It got so cold that Jelly Roll wanted to pull over so he could put on an extra sweater. I started to oblige, but then what I saw emerging from the mist made me think twice—Negroes! We were in a neighborhood full of Negroes, but Negroes the like of which none of us had ever seen. There were Negroes in colorful tribal clothing and Negroes in huge hats and Negroes with high-heeled boots. They all had tons of bushy hair, except some of the women, who had short hair, even shorter than the men’s. Really curly hair, as curly as the men’s, not straight and shiny like a normal Negro lady’s. A lot of the Negroes were wearing sun glasses, too, even in the fog. And none of them seemed very friendly as they looked at us. At least, they sure didn’t seem like good old Roscoe who takes care of the yacht club.
When I looked carefully at one man in especially bright magenta pants and a shirt with little amoeba-like designs on it—searching for clues, of course—he said, “What are you staring at, honky?” What could that mean? “Honky” makes me think of an automobile horn or a goose. And although it’s true that Chip and I have horns on our motor bikes, we sure weren’t honking them at the time. And I can’t imagine why anyone would connect us with geese—but then those young people at the campfire I told you about in my last letter were asking if we were “pigs.” Perhaps there’s some sort of animal theme to this hippie language. When I finish this letter I’ll make a thorough list of all the strange words I’ve been hearing and see if a pattern presents itself.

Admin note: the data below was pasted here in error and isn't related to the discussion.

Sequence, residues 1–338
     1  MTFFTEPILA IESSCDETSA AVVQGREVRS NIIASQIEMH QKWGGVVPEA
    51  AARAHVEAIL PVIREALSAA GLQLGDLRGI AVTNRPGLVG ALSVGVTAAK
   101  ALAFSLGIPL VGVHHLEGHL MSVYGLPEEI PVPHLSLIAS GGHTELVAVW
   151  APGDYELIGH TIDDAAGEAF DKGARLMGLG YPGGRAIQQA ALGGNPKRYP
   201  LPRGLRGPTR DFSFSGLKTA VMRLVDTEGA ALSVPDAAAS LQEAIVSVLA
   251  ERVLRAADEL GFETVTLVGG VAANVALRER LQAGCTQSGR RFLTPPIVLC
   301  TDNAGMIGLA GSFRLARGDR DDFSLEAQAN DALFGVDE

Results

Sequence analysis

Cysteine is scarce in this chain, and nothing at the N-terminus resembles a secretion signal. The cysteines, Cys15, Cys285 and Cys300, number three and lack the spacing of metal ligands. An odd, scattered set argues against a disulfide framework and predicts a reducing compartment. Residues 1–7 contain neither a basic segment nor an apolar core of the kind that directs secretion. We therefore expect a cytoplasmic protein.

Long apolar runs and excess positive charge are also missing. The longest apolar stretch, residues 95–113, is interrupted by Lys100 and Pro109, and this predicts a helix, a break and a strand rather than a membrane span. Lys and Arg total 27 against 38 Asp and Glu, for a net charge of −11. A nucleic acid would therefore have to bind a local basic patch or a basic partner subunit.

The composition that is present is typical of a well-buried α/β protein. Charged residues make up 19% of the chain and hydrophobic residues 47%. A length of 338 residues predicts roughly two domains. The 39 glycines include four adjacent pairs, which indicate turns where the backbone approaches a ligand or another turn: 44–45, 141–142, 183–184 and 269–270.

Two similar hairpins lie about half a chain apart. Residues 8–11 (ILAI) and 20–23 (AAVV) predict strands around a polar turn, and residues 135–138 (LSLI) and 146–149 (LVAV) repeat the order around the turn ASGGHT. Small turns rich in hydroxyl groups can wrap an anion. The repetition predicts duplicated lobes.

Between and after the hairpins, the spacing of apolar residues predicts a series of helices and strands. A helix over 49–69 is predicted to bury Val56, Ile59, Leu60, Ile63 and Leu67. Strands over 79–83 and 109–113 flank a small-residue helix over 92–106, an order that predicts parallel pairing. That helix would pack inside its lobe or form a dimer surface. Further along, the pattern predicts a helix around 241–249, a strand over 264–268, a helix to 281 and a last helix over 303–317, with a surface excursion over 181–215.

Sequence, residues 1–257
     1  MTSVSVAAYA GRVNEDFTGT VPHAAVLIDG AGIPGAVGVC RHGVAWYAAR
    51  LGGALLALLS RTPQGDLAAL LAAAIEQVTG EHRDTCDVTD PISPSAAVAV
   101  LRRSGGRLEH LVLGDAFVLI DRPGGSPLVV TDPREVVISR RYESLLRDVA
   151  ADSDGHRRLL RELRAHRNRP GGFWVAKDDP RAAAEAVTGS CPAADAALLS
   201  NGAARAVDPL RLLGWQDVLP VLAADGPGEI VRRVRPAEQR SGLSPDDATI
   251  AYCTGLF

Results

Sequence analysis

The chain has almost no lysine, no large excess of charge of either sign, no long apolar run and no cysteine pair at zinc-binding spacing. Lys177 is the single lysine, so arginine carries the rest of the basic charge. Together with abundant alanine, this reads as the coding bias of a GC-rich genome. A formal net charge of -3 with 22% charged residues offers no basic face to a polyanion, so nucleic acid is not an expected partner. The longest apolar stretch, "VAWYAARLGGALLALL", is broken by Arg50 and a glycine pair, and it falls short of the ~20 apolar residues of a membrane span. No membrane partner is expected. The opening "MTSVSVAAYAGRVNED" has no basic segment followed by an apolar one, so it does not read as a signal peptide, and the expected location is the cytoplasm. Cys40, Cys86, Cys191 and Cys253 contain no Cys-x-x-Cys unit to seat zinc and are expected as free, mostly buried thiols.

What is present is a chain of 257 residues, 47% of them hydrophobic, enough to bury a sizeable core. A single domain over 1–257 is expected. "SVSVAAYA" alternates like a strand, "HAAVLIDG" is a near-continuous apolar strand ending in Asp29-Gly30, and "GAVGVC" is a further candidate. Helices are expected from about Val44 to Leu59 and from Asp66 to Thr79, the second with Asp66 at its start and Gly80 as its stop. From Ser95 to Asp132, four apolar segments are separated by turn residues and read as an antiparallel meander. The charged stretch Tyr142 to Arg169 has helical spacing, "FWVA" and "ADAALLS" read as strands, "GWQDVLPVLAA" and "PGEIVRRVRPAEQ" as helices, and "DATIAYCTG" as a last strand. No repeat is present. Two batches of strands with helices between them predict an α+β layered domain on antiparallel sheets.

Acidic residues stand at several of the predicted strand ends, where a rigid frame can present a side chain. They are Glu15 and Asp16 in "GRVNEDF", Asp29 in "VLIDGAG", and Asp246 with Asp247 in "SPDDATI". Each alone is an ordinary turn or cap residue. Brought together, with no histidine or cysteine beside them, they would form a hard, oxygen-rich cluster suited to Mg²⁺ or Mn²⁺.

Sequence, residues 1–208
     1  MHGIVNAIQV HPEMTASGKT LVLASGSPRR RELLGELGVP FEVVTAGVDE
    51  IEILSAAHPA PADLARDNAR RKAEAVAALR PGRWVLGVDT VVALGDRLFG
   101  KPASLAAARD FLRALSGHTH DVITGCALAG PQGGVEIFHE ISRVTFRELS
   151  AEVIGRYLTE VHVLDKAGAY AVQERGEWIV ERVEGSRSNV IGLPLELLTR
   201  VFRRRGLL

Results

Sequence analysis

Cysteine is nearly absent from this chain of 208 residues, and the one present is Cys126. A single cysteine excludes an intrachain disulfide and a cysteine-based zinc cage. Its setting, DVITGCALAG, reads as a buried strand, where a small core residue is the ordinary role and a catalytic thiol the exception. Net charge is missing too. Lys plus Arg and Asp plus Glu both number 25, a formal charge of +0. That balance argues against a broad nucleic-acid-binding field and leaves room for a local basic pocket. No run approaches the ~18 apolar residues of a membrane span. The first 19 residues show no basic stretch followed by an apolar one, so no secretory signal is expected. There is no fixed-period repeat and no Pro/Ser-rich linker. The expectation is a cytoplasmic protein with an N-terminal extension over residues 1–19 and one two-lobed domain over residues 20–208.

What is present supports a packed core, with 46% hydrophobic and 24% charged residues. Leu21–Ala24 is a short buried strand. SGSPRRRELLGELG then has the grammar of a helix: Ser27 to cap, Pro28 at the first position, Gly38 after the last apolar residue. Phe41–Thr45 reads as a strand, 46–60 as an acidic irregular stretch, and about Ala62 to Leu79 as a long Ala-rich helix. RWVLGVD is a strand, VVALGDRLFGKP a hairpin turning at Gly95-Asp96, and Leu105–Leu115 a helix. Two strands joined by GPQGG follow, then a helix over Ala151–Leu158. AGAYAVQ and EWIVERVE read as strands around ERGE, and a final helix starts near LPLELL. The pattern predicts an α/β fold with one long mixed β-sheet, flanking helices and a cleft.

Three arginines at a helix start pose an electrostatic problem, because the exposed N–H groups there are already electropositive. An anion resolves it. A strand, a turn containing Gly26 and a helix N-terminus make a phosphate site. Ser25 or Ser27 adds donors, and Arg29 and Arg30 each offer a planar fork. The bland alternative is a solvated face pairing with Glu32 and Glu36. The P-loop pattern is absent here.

Then, no sooner had the one Negro called me a “honky” than one of his fellow Negroes, who was dressed all in black so that he might have looked like a priest except that part of his garb was a leather jacket, raised his clenched fist in the air and shouted, “Power to the people!” I nearly answered him by yelling, “You said it! I believe in democracy too!” But there was something about his manner that made me think he might not appreciate it. It’s hard to explain, but I almost think he meant that “power to the people” was something that he had to fight for—as if it’s something we don’t have in our great country, rather than being every American’s birthright. I’m starting to feel as if everyone out here is seeing the world in some sort of topsy-turvy funhouse mirror. As much as I wanted to solve this mystery, I was actually kind of relieved when the light turned green and we continued on our way.